When I learned that Kopp would be delivering this year’s commencement address as her alma mater, Princeton, I decided to catch up with her after many years. The origin story of Teach for America is legendary: Based on her senior thesis, Kopp sent out thirty letters looking for financial support to establish the organization. She had seven meetings and executives from Mobil Oil and Union Carbine agreed to help.
On a sunny spring day in the Morningside Heights neighborhood of New York, where Kopp and I both live, we had lunch and a conversation. The topic was not really the two TFAs, but how she thinks she was able to make them happen.
Clearly, Kopp has passion (although she is notably reserved in person), focus, ingenuity, luck, fortitude, and doubtless other qualities. Her husband is Richard Barth, president of the KIPP foundation, which has established charter schools nationwide. They have four children.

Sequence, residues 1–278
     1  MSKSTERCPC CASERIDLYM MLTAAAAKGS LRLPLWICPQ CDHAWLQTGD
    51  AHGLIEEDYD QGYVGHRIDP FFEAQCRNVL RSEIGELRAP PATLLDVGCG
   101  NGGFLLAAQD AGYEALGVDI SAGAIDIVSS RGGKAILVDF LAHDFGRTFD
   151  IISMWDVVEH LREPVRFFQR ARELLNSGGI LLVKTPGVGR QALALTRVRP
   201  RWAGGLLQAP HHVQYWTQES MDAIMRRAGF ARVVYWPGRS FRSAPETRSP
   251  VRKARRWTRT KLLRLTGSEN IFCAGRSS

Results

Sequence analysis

Kopp believed that education was an essential aspect of life and that college students would be prepared to spend two years as teachers, before they embarked on their longer-term career paths. I don’t know if John F. Kennedy’s Peace Corps was a direct model, but as a person of the 1960s myself, I think it probably was.
Searching for an explanation of how Kopp could take on the challenge she did, I settled on the notion of oblivious confidence, an unquestioned sense that her vision and its objectives could succeed, despite the fact that she was establishing something new and did not possess the experience or pedigree that others might have considered necessary to do so.
In their own ways, this oblivious confidence is a personality characteristic that must also have been the case with Farmer, Yunus, and Lamb.
As far back as middle school, Kopp told me, she felt that she could make things happen. She had a job in a craft shop in Houston owned by two elderly women. The shop was a mess, she recalled, and she was able to turn it around. In high school, she led the debate team and the school paper. Where her spirit came from, she cannot really explain. It was just there.
And that is also a trait she shares with Farmer, Yunus, and Lamb.